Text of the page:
Twitter Formula Contest – We are 5000 strong now
Time for blowing my own trumpet and patting my own back over my pointy hair. I feel very proud to announce that our little community at Pointy Haired Dilbert now has its five thousandth member.
Take a minute and pat yourself on the back. This is an achievement because of you. Go ahead, I am waiting.
Ok, enough patting. Time for some gifts and fun.
We have 2 contests to celebrate the occasion. This is the first one. I will announce the second contest tomorrow.
Twitter formula contest.. What?
It is as simple as leaving a twitter. All you have to do is write a formula less than 140 characters and tweet it. It could be a complex array formula to solve the world hunger, or just a regular vlookup with wild card search.
Just follow these guidelines:
 The formula should be self explanatory
 Or the formula should be short so that you can squeeze the explanation in the tweet itself
 Either include @r1c1 in the tweet or post the permalink to your tweet in the comments. Otherwise I cant locate your tweet and hence you wont get the prizes
 Dont post formulas that are way simple like sum(1,2,3)
 Finally, if you don’t have a twitter account, you can post your formula in the comments. Character count still remains.
 You can post as many tweets as you want.
 Winners will be selected randomly. So post anything as long as it is good.
 The contest is closes on 15th August midnight (at where I sleep)
What are the prizes?
There are two prizes.
Excel Dashboard Bundle sponsored by Bonavista Systems.
Andreas, who owns the company has been kind enough to sponsor this prize. The dashboard bundle includes two kickass products from BonaVista systems – Excel Microcharts and Chart Tamer [My review of chart tamer here].
This prize is worth $200.
Excel 2007 Formulas by John Walkenbach
J Walk, who probably authored a zillion excel books provides a complete reference of Excel 2007 formulas in this wonderful book. The book is a must have for both excel beginners and more advanced users. And it is just a tweet away to become yours.
This prize is worth $28.
Any doubts?
Leave a comment or tweet me @r1c1.
No doubts?
Good, what are you waiting for then? Get tweeting.
 

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17 Responses to “Twitter Formula Contest – We are 5000 strong now”
Here’s my little contribution (previously posted 😉
Named Ranges (should be dynamic, but….)
Ship $A$2:$A$8
Captain $B$2:$B$8
flights $C$2:$C$8
in F:F
Summary_ship $F$2:$I$2
this 3:3
Summary_Captain $E$3:$E$6
data is in range A1:C8, and summary is in E1:I6.
=SUMPRODUCT((Ship=in Summary_ship)*(Captain=this Summary_Captain)*(flights))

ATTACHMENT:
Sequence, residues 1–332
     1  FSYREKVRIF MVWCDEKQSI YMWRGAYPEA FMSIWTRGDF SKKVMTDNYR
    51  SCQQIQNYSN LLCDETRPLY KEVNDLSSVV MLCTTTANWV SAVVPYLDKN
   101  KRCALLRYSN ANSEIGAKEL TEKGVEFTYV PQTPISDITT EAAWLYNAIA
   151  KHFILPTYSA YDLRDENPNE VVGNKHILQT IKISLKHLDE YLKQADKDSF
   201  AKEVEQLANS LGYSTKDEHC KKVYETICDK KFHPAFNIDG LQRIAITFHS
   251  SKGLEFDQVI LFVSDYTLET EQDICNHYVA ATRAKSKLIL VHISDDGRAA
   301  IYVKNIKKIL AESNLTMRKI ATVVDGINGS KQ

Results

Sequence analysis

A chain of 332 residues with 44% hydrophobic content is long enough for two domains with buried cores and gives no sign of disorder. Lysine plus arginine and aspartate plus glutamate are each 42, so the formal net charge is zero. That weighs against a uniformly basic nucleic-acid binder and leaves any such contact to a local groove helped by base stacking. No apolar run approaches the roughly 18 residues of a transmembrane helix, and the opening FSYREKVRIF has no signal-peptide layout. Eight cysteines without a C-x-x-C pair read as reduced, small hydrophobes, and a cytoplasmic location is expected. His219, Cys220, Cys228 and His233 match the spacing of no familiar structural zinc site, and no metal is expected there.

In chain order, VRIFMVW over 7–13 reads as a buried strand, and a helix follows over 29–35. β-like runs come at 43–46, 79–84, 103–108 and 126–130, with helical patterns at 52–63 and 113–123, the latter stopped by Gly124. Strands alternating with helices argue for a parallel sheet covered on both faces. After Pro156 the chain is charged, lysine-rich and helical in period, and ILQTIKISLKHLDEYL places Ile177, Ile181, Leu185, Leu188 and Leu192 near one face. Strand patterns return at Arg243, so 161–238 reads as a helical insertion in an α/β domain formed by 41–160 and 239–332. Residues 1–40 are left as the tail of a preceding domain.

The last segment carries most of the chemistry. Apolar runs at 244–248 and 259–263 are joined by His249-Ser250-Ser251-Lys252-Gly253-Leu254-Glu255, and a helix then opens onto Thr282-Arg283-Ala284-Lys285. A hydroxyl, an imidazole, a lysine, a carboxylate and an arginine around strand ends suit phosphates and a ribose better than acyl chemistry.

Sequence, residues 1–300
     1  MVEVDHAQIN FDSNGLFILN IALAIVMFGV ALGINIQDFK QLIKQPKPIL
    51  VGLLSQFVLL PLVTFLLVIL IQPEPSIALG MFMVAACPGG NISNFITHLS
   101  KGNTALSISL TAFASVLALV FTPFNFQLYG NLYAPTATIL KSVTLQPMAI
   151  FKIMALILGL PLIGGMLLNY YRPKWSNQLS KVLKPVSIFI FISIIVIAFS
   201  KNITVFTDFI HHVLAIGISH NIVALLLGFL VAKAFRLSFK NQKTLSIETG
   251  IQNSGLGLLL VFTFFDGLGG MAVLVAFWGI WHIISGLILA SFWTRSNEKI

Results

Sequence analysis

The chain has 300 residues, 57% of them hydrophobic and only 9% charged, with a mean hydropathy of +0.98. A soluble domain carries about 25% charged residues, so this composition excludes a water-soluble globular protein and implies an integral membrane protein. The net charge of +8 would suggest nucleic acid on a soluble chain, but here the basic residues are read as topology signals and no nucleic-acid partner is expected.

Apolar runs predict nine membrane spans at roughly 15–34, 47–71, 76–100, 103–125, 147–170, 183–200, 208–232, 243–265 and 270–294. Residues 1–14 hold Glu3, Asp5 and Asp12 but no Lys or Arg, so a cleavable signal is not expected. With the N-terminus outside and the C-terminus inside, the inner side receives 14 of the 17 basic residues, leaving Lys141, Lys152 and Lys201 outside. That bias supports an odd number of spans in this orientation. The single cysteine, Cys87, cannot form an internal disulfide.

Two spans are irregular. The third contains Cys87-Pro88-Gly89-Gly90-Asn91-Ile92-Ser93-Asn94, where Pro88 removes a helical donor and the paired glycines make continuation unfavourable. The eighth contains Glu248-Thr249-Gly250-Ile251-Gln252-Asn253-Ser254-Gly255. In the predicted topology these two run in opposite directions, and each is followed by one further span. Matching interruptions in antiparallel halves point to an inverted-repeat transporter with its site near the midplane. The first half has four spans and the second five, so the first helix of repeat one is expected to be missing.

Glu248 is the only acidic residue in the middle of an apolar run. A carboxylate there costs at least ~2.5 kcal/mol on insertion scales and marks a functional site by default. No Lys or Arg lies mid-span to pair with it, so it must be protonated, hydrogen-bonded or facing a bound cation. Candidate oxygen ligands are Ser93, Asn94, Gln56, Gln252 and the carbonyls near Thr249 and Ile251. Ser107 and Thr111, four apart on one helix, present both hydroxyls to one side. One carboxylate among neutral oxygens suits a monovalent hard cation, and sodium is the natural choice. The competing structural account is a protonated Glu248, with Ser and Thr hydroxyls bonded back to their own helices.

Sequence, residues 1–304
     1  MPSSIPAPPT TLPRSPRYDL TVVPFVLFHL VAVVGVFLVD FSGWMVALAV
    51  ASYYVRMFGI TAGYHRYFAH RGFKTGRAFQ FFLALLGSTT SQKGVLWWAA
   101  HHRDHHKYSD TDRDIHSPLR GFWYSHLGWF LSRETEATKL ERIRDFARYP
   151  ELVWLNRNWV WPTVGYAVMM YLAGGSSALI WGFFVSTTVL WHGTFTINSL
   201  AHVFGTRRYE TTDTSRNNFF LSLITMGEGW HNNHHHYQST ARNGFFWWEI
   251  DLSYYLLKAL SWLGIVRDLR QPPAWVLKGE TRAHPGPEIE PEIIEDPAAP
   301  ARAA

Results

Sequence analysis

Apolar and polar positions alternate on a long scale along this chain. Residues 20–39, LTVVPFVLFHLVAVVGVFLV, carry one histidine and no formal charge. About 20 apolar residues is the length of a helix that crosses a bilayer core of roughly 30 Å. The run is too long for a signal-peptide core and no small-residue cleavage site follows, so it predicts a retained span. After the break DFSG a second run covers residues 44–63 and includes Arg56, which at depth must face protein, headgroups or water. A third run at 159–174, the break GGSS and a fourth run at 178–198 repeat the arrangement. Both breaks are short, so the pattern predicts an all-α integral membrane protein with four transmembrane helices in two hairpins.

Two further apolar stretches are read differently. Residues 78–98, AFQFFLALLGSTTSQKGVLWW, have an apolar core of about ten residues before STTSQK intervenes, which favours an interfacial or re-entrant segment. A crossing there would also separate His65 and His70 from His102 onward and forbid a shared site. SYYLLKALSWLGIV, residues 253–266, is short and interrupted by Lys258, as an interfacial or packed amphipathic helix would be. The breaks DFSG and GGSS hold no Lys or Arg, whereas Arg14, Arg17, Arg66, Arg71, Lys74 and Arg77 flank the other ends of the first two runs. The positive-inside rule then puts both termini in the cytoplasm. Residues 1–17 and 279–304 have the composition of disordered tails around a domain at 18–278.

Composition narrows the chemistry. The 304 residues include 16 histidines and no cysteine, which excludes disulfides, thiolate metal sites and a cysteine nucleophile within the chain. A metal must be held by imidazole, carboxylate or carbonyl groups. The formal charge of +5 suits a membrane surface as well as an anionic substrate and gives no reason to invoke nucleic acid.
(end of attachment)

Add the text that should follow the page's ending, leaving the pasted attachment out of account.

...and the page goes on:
rgds,
Martín
=NORMDIST(1*ABS((Z27AE27)/AG27),0,1,TRUE). Calculate pvalue for tstatistic based on means in Z27 and AE27 and the std err of mean in AG27.
=LEFT(A1,FIND(" ",A1)1)
=RIGHT(A1,LEN(A1)FIND(" ",A1))
Split first names and last names.
This formula determines the Active (="T") status or otherwise of Employees in an Excel spreadsheet:
=IF(AC2="","X",IF(AND(AC2=500000,AD2=""),"T",IF(AND(AC2500000,AD2""),"F","Pls Enter Leaving Reason!!")))
=FREQUENCY(DY5:DY118,EU4:EU14) for creating frequency distributions. I can't believe I went so long before discovering that there's an easy builtin array function that does this. Constructing the distribution by hand was always a pain.
To return the full Path+Filename of your (saved) workbook (and dropping the [] characters) to get, for example, C:\Data\ExcelFiles\MyWorkbook.xls:
=SUBSTITUTE(SUBSTITUTE(LEFT(CELL("filename",$A$1),FIND("]",CELL("filename",$A$1))),"[",""),"]","")
For me, this does not work in Excel 2010. What exactly is in $a$1?
@Gary
RE: $A$1
Have a read of http://chandoo.org/wp/2008/11/04/relativeabsolutereferencesinformulas/
To return the name fo the current worksheet, e.g. "Sheet1":
=MID(CELL("filename",$A$1),FIND("]",CELL("filename",$A$1))+1,LEN(CELL("filename",$A$1))FIND("]",CELL("filename",$A$1)))
To return the name of the workbook only, e.g. MyWorkbook.xls:
=MID(CELL("filename",$A$1),FIND("[",CELL("filename",$A$1))+1,FIND("]",CELL("filename",$A$1))FIND("[",CELL("filename",$A$1))1)
[...] and to celebrate that we have launched a series of contests. Yesterday we have announced the twitter formula contest. Today it is time to show your [...]
Probably a easier way of doing this , extracting the month from a date as text. A1 is date
=TEXT(DATE(0,MONTH(a1),1),"mmmm")
This formula looks up data from another sheet considering three parameters keeping into account the column A and column B with subcomponents (both on another sheet) and matching them up with the heading on both sheets.
=OFFSET('Data Sheet'!$C$1,MATCH(D$2,'Data Sheet'!$A$2:$A$140,0)+MATCH($B5,'Data Sheet'!$B$2:$B$20,0)1,MATCH(D$3,'Data Sheet'!$C$1:$J$1,0)1)
This formula extracts data from a dynamic data range and returns a zero value if there is an #N/A error.
=IF(ISNA(HLOOKUP($A14,Data!$AB$2:$AW$9,MATCH("P",Data!$AB$2:$AB$2,0),0)),0,HLOOKUP($A14,Data!$AB$2:$AW$9,MATCH("P",Data!$AB$2:$AB$2,0),0))
[...] David on PHD comments =NORMDIST(1*ABS((Z27AE27)/AG27),0,1,TRUE). Calculate pvalue for tstatistic based on means in [...]
A shorter formula than Alan's (with one less function call as well) for extracting the month name for the date in A1...
=TEXT(28*MONTH(A1),"mmmm")
Forget the nonsense I just posted. Alan, if A1 contains a date, then all you need is this...
=TEXT(A1,"mmmm")
What I was thinking (and screwed up) is that if A1 contained the month number, then you could get the month name from it using this...
=TEXT(28*A1,"mmmm")